1st Edition

The American Occupation of Japan and Okinawa Literature and Memory

By Michael S. Molasky Copyright 1999
    256 Pages
    by Routledge

    256 Pages
    by Routledge

    How do the Japanese and Okinawans remember Occupation? How is memory constructed and transmitted? Michael Molasky explores these questions through careful, sensitive readings of literature from mainland Japan and Okinawa. This book sheds light on difficult issues of war, violence, prostitution, colonialism and post-colonialism in the context of the Occupations of Japan and Okinawa.

    Preface. Introduction: Burned-Out Ruins and Barbed-Wire Fences. The Occupation of Japan as History. The Occupation in Mainland Japanese Literature and Criticism. Okinawa: From Premodern Kingdom to Japanese Prefecture. The Battle of Okinawa and the American Occupation (1945-1972). Chapter Summaries. Notes Chapter One: Roads to No-Man's Land. Language,Landscape and Gender in The American School. Gender, History and the Construction of Victimhood in The Cocktail Party. Fact and Fiction. Notes Chapter Two: A Base Town In The Literary Imagination. An Okinawan Boy. The Town That Went Pale. Children of Mixed Blood and the Remaking of Koza. Notes Chapter Three: A Darker Shade of Difference. Representing Blacks in Postwar Japan. Race and Narrative Ambivalance in Prize Stock. Reporting Truth, Imagining Motives: Painting on Black Canvas. Poetry of Protest: Arakawa Akira's The Coloured Race. Notes Chapter Four: Female Floodwalls. The Recreation and Amusement Association. Prostitution After the RAA. Prostitution and the Japanese Publishing Industry. The Chastity of Japan. Female Floodwall. Notes Chapter Five: Ambivalent Allegories. The Generational Logic of Guests From Afar. Prostitution and Other Honest Jobs: The Only Ones. Caste and Outcasts: Women of a Base Town. Marriage, Money and Desire: The Women of Chitose, Hokkaido. Notes Chapter Six: The Occupier Within. Reproducing The Occupation: Human Sheep. Style as Story: Narrative Technique and Memory in American Hijiki. Notes Epilogue: Occupation Literature in the Post-Vietnam Era. Okinawan Literature Since the Vietnam War. Saegusa Kazuko's A Winter's Death. Notes.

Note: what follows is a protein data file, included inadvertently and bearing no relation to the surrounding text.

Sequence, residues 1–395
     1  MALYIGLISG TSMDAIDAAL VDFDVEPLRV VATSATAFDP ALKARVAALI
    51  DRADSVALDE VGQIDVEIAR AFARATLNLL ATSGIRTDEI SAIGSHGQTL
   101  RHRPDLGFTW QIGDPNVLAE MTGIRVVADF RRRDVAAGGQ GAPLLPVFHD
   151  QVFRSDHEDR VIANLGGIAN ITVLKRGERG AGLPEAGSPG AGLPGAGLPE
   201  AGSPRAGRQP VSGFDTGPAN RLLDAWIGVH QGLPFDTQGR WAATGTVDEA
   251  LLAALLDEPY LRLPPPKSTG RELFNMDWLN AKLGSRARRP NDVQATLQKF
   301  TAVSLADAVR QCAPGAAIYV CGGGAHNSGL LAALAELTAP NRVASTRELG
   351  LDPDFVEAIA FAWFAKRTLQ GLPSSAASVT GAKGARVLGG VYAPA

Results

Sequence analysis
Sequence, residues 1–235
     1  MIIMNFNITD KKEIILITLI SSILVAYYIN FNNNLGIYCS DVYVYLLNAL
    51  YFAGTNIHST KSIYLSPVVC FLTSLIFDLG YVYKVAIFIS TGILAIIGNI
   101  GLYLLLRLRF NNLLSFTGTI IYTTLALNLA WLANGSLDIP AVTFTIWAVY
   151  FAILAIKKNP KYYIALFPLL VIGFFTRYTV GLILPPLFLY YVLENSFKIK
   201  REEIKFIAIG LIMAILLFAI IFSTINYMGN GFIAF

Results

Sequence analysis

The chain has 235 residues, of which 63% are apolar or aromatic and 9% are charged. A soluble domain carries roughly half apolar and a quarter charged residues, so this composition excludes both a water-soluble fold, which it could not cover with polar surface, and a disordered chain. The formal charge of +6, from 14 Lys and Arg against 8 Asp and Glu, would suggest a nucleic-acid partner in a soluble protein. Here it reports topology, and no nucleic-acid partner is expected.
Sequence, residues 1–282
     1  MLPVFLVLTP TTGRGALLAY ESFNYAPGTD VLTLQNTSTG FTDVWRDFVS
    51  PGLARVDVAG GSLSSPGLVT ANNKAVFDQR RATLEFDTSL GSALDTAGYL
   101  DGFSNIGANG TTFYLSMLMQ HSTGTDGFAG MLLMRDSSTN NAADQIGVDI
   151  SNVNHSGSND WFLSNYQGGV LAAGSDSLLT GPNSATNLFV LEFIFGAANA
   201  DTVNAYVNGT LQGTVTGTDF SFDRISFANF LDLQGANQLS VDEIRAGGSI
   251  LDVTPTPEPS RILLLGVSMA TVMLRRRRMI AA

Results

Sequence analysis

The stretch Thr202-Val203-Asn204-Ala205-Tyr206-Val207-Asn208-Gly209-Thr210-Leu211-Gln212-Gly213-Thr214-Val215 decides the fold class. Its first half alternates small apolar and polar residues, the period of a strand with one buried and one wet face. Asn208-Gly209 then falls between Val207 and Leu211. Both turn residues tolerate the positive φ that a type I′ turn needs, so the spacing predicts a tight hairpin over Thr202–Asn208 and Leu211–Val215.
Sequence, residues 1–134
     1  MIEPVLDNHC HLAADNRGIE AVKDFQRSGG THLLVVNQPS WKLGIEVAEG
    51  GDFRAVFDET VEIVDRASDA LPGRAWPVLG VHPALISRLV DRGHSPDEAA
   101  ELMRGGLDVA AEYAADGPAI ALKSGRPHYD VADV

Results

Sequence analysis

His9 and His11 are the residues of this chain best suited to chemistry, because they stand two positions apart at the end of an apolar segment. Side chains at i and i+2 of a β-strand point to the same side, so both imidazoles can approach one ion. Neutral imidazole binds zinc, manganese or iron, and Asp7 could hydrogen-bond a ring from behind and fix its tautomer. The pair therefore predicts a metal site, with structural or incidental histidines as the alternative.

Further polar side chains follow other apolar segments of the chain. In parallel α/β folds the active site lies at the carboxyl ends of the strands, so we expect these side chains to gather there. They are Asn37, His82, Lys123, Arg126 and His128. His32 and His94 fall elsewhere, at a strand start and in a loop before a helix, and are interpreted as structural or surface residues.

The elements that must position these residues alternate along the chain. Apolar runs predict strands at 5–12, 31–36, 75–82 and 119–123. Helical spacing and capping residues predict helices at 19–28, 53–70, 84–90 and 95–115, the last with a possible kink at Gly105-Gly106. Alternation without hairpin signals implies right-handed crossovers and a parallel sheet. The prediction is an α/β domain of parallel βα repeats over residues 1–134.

Molasky, Michael S.

    'Molasky's excellent study of Japanese occupation literature is thoroughly researched, well written, and contributes substantially to our understanding of an extremely important but heretofore largely neglected area of postwar Japanese literature.' - The Journal of Asian Studies

    'The American Occupation of Japan and Okinawa: Literature and Memory is a definitive work, the result of a Herculean task. Researchers for years to come will be indebted by this groundbreaking project.' - H-Japan


    'The American Occupation of Japan and Okinawa: Literature and Memory, is brilliantly realistic from a diverse range of historical, sociological and literary perspectives'- Wendy Ella Wright, electronic journal of contemporary japanese studies , 2007